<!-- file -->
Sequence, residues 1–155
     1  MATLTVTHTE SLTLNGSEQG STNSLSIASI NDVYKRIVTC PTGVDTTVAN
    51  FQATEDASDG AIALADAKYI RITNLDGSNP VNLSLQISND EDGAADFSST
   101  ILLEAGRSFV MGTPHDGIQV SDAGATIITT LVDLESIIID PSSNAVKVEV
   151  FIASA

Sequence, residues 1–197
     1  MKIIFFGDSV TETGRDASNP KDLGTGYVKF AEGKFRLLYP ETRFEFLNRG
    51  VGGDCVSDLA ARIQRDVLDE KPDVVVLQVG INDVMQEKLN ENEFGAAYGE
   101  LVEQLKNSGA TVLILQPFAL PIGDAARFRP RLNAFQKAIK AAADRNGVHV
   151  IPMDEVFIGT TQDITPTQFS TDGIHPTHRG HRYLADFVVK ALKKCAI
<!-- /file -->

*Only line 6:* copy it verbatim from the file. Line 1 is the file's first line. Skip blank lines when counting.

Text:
Sequence, residues 1–197